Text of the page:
Regarding the withholding payments, this was part of the fourth tranche. Payments would happen only once the institutions told NSFAS what they had done with the previous three tranches. Stakeholders needed to work together to address this. There were students who had been directly paid by NSFAS in the form of allowances. For example, NSFAS had paid 34 893 university students who were first entrants. Only a few institutions had applied for sBux. There were 16 237 students who were paid allowances in TVET colleges. In total, R115 million had been paid to students. It was not correct to say students had not been paid. Institutions were primarily responsible for disbursing, and they had been doing so.

With applications, once NSFAS received information from institutions then bursary agreements could be generated, and 95 000 first time entrants had bursary agreements. This was already above the number that had been estimated, which was 87 000. There was a difference between students who met the funding criteria and students who got academic places at TVET colleges and universities. This was a challenge.

Regarding the capacity to pay, last year NSFAS had made the same arrangement to work with student support services in the financial aid offices. This was not a 2018 issue. NSFAS had simply continued to work with this process, because the integration issue had taken longer. NSFAS appreciated that support. It had paid allowances in terms of the first three tranches to all TVET colleges and universities. All students and institutions had received money based on the estimated rollout of numbers with which NSFAS had worked with the Department and institutions.

The data issue was a big challenge. Data was received every day which assisted NSFAS to confirm who had been registered. Sometimes it sent teams to help institutions with integration issues. Universities and TVET colleges used around seven different systems. He assured Members that NSFAS was working very hard to ensure that this process ended by July, and the 2019 applications could begin. However, as Professor Bawa had said, there were broader challenges in the whole “ecosystem”. There were currently two systems. There was a system that managed enrolment and a system which managed what course or what faculty students were doing. It was not just one system.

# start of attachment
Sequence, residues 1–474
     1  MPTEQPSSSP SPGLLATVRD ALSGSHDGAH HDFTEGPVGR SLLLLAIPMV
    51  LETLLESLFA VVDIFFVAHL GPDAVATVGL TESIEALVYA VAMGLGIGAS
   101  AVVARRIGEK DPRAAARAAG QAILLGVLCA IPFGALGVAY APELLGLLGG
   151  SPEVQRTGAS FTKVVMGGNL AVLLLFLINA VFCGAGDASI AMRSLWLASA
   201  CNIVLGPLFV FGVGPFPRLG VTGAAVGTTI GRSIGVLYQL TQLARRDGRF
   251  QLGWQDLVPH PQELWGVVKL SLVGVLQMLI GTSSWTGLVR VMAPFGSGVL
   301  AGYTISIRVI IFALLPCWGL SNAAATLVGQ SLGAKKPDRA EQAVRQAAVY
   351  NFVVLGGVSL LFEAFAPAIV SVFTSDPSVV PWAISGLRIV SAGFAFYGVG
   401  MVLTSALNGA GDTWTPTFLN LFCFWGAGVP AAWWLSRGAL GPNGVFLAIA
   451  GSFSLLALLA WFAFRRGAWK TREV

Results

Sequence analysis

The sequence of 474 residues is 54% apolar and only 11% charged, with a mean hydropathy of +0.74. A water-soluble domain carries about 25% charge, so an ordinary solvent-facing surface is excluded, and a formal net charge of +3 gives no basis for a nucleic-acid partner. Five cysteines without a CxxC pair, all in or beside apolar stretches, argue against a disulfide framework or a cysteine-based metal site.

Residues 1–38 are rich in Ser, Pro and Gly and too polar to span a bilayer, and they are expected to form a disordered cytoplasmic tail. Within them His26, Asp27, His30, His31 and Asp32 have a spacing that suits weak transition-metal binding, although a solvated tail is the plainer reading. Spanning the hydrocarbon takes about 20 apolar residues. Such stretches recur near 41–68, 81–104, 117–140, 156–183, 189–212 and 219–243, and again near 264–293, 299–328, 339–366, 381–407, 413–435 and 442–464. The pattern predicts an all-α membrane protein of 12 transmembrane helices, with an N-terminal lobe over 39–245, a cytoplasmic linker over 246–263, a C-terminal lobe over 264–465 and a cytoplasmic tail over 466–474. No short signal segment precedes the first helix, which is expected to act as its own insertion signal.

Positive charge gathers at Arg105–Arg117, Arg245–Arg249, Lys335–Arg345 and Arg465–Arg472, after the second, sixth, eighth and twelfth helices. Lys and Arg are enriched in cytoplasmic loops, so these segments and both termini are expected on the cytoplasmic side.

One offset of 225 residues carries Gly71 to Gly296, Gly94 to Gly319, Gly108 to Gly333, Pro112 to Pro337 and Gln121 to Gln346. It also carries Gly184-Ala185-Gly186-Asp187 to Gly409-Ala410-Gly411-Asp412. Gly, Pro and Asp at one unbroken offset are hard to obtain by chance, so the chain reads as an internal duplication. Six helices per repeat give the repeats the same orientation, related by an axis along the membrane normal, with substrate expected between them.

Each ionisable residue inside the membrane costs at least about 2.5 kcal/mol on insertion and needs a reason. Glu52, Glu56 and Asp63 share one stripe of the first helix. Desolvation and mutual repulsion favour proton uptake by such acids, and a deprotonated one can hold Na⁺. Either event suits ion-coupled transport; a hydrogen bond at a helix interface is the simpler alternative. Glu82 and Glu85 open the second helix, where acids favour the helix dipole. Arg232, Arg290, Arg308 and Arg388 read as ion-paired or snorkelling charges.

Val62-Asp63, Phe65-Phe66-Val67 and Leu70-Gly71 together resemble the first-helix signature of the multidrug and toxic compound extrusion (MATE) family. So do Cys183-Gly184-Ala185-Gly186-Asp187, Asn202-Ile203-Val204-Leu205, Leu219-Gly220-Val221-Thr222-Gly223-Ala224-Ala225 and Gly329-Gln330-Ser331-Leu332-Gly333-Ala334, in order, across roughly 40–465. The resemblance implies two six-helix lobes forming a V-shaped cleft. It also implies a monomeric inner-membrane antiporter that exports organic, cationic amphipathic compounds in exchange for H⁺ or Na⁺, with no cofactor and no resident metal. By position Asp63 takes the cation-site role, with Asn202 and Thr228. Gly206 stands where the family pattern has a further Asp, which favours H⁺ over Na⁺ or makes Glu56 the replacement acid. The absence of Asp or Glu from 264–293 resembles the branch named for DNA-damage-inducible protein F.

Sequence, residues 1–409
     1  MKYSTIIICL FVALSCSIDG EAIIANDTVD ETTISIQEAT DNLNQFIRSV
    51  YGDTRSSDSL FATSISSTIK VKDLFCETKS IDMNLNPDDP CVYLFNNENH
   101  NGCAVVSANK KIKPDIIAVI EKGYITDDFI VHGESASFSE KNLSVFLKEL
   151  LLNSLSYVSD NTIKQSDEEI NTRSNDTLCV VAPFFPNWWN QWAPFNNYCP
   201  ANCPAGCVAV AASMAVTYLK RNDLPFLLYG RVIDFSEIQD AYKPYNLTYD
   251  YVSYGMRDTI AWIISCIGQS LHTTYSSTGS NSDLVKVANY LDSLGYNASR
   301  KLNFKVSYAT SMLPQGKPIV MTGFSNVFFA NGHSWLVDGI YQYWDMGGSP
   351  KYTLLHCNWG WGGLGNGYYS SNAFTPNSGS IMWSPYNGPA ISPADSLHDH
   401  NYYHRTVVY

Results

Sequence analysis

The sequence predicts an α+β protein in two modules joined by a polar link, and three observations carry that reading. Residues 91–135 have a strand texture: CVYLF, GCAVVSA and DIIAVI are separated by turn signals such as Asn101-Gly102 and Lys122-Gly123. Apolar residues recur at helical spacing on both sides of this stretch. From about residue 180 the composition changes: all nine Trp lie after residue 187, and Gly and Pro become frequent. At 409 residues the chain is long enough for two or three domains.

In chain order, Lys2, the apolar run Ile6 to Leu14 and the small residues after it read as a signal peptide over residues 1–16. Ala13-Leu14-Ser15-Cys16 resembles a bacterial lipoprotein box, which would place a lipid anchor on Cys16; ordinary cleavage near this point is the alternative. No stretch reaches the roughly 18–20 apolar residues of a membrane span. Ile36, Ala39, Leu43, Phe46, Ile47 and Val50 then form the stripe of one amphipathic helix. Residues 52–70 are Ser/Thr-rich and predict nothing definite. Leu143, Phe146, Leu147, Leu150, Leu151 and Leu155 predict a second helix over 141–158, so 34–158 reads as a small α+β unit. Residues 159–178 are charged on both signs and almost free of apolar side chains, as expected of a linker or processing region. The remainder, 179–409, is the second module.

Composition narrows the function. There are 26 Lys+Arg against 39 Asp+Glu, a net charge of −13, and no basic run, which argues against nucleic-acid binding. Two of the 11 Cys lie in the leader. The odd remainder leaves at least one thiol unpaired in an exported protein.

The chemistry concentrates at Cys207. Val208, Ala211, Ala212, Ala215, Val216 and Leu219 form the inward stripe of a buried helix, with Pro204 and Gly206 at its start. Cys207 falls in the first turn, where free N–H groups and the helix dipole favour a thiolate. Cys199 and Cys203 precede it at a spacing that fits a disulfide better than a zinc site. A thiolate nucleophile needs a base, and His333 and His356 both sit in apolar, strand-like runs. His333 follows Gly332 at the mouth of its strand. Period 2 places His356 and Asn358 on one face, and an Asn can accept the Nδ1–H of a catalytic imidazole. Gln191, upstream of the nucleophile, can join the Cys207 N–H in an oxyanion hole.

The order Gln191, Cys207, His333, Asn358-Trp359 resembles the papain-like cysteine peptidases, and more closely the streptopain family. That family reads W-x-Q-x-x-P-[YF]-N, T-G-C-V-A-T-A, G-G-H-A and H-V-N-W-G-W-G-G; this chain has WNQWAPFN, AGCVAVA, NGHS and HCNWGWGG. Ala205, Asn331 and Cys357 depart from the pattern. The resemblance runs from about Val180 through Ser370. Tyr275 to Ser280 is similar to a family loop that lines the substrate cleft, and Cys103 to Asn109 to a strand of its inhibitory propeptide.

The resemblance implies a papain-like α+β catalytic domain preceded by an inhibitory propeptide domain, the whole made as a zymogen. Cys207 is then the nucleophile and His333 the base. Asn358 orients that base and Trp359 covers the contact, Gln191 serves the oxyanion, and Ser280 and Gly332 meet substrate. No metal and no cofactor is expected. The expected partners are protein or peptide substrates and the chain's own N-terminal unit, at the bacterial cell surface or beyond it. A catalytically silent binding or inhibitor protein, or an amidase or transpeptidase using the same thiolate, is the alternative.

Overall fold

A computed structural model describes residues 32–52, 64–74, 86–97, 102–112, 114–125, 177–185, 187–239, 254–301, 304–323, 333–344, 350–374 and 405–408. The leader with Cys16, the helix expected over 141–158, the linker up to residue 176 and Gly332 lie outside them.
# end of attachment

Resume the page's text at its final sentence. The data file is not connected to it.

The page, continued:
The question about the list of students to be paid was an everyday issue and a work in progress. This was important to stop fraud, where students were receiving money when they should not.

Regarding the breakdown in terms of institutions, NSFAS had a full schedule that was made available by institutions, which presented information on which students needed assistance.

The fact that NSFAS had a new team was because of a decision that had indicated the organisation was not fit. NSFAS needed particular skills to manage its operations. The team that NSFAS had here was dealing with continuity issues, which were being managed. These issues would always present challenges. NSFAS could not come back to the Committee and speak about the same issues. In spite of all the challenges NSFAS had faced, he said that as chairperson he had far more confidence in the organisation. There was a committee now which oversaw certain processes.


Dr Parker said that the students’ issues need to be sorted out and the system must work. Last year, the Department had reviewed the Act. It did not need to be changed, but a mechanism had to be developed to help make new regulations and policies. This would be implemented next year. As the Department was dealing with the challenges of this year, there was a need to work together to mitigate any risks. The system had not fallen apart, but it did have individual problems.

Closing remarks

The Chairperson said that all the entities would be contacted individually on the issues discussed. She wanted to know which institutions had problems. She added that a national crisis no longer existed, and now individual issues had to be dealt with.

The meeting was adjourned.